The origin of hashirama equipment with a function of shutters was wooden doors added to hashirama in order to protect shoji and fusuma sliding doors. Until the middle ages, three grooves were made in hashirama, which held a wooden sliding door, another wooden sliding door, and a shoji door, respectively (the order is from outward to inward). In this case, wooden sliding doors were left in hashirama, blocking half of the view even when the wooden doors were opened. In terms of sliding door details, sliding door grooves used to be engraved in rails between pillars, but at the dawn of the early modern age they were transformed into a single-channel shikii (threshold) and kamoi (head jamb) with sliding door grooves located outside of the pillar line and wooden shutters were installed there. This eliminated a limitation in the movable range of wooden shutters, which used to be only within hashirama, and the wooden shutters were stored in a wooden shutter case by moving them along a single groove. According to an architectural historian, Kiyoshi Hirai, this change occurred around 1600, and examples can be found in an old drawing of the hall of the Nagoya Castle Honmaru Palace, as well as in the remains of the hall of the Nijo Castle Ninomaru Palace. Furthermore, in the New Palace of Katsura Imperial Villa, built in the mid-17th century, irikawa-en, or a interior veranda between the building and the exterior veranda was developed, where lines for the wooden shutters and shoji doors were placed on the outside of the exterior veranda. As a result, the spaces in Japanese architecture were even more diversified.
In the New Palace, the wooden shutters can be rotated at the corners of the building by using a mechanism called “amado-mawashi” (literally meaning “wooden shutter rotator”). When opening the wooden shutters, each wooden shutter slides in a special groove towards the corner. At the corner, the door groove is shortened by a half width of the door from the end, so that the half of the door is free of the groove and it can rotate around the amado-mawashi by 90 degrees in the groove-free area, consequently sliding onto the door groove on the perpendicular side. Amado-mawashi helps to hold the wooden shutter inwards, preventing it from falling into the garden or pond, while supporting the rotation. The wooden shutter is rotated 90 degrees around the amado-mawashi, the supporting point, and enters into the next groove. By using this mechanism, only one shutter case was made, instead of four on the each corner of the building. This eliminated the wooden shutters from the sides facing the pond and garden, ensuring an open vista.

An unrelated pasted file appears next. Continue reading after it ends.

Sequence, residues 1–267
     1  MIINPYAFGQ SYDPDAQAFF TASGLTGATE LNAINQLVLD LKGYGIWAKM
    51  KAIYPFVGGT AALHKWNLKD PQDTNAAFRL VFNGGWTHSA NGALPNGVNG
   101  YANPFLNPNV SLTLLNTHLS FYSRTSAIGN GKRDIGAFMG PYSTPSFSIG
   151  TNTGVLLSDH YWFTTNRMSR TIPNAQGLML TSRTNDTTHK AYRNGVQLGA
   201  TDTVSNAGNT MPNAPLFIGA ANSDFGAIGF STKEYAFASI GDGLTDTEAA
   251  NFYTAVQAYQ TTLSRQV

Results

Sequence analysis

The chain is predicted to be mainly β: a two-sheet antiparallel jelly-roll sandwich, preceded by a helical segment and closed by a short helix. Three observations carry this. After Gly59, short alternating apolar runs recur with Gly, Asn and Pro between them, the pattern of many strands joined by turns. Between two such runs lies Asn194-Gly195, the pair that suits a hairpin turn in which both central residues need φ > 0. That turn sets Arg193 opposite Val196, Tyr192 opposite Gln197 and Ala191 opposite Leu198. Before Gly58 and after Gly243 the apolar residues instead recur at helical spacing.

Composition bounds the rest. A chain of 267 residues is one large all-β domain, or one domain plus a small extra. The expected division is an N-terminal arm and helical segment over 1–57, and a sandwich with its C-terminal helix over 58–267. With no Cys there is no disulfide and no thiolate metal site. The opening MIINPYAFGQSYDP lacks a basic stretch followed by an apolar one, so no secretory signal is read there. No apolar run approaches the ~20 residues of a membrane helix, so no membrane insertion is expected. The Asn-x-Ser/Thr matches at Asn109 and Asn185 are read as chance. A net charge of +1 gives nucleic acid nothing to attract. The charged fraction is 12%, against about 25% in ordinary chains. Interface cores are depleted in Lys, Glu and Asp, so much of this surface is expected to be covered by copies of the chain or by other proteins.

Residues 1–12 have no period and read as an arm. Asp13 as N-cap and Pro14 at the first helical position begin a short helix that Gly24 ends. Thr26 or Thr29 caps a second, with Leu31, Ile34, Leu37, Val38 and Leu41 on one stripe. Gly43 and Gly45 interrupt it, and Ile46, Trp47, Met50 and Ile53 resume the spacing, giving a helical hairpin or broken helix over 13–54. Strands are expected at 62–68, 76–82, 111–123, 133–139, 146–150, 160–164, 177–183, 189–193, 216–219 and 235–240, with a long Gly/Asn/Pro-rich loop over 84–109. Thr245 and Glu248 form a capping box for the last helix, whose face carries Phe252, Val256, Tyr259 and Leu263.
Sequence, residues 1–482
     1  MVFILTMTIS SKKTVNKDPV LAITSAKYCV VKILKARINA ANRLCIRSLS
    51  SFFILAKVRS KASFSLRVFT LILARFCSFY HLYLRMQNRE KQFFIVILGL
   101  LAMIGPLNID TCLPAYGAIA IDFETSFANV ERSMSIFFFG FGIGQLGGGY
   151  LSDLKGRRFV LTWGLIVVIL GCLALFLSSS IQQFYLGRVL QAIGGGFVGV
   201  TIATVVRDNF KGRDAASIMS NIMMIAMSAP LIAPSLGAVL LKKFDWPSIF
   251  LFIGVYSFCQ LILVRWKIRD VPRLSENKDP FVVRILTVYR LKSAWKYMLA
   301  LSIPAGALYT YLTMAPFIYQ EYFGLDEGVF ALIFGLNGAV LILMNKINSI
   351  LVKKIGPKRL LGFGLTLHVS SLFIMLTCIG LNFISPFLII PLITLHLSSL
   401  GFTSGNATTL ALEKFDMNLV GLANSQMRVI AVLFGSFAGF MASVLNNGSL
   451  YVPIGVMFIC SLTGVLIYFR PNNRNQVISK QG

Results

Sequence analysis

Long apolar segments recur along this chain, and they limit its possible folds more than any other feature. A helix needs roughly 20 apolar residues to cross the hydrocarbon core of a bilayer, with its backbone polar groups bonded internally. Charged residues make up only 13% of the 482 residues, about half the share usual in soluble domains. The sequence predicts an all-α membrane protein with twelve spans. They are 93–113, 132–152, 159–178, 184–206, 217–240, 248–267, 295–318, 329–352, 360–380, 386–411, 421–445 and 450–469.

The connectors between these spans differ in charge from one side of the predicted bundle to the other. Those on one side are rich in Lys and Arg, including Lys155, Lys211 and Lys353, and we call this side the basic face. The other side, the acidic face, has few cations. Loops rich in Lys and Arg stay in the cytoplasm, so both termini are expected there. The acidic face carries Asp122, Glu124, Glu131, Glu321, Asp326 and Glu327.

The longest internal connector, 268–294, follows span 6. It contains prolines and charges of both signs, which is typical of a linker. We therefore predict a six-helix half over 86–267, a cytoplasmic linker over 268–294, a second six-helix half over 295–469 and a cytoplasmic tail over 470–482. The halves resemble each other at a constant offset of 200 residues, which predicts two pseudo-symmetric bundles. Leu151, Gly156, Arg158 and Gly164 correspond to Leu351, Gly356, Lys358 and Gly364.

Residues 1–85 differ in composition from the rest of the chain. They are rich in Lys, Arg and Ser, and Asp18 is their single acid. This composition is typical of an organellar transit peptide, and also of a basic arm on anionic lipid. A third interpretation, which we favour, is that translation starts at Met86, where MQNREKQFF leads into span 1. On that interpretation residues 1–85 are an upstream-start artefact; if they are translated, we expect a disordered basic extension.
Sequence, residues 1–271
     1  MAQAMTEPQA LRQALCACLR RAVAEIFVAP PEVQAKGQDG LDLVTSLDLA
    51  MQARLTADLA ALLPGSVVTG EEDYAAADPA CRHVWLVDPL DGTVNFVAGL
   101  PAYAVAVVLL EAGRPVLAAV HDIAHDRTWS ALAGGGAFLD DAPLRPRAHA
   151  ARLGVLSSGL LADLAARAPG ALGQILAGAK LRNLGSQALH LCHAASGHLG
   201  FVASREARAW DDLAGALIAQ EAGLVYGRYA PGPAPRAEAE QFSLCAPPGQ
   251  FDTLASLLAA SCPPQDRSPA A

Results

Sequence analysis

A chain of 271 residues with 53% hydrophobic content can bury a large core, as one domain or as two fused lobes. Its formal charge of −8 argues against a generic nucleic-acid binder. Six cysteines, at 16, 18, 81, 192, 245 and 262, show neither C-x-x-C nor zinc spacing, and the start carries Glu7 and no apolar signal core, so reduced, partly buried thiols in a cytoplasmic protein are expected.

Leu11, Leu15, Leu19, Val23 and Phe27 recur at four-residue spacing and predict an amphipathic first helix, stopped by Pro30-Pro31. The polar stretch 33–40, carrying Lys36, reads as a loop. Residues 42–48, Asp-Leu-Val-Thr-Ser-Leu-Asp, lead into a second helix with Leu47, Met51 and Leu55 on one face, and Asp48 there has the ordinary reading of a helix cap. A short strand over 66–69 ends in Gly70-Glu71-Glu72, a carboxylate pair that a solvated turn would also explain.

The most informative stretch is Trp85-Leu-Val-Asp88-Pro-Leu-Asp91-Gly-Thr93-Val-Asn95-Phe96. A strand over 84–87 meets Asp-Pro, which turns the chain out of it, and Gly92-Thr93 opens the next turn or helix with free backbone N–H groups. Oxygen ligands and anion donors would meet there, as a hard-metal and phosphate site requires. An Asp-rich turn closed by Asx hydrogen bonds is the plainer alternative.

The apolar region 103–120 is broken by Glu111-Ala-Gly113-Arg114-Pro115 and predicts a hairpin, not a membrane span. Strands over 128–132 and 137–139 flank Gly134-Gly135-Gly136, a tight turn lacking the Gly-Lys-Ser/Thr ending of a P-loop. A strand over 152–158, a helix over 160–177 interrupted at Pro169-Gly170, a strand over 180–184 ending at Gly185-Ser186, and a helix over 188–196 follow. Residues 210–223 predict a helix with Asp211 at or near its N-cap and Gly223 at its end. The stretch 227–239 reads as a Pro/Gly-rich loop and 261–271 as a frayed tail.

“Tomawashi-bou” or bars for rotating shutters in Kikugetsutei are thought to be an older version of amado-mawashi, which indicate that the main purpose of Kikugetsutei was for admiring the garden without any obstructions. The effect of amado-mawashi for this purpose was great.
Reference: Special Place of Scenic Beauty Ritsurin Garden Kikugetsutei Conservation and Repair Works Report (Kagawa Prefecture, 1994), Story of fittings by Yasuo Takahashi (Kajima Institute Publishing Co.,Ltd., 1985), and “A discussion on wooden shutters” by Kiyoshi Hirai Summaries of Technical Papers of Annual Convention of Architectural Institute of Japan Academic Conference (Tokai), 1976.
Norihito Nakatani: An architectural historian, professor of Waseda University, and the principal researcher of this study. His chief literary works include Revisiting Kon Wajiroʼs ʻJapanese Housesʼ (as part of the Rekiseikai group, Heibonsha, 2012), Severalness+: The Cycle of Things and Human Beings (Kajima Institute Publishing Co.,Ltd., 2011), and The Study of Classical Literature, the Meiji Period, and Architects (Ikki Shuppan, 1993).
Cooperation: Kagawa Prefecture, Special Place of Scenic Beauty Ritsurin Garden, Ryotei Nichou
* This article is extracted from “Cultural Magazine of Hashirama Equipment”, collaborative research with Norihito Nakatani Laboratory in Waseda University.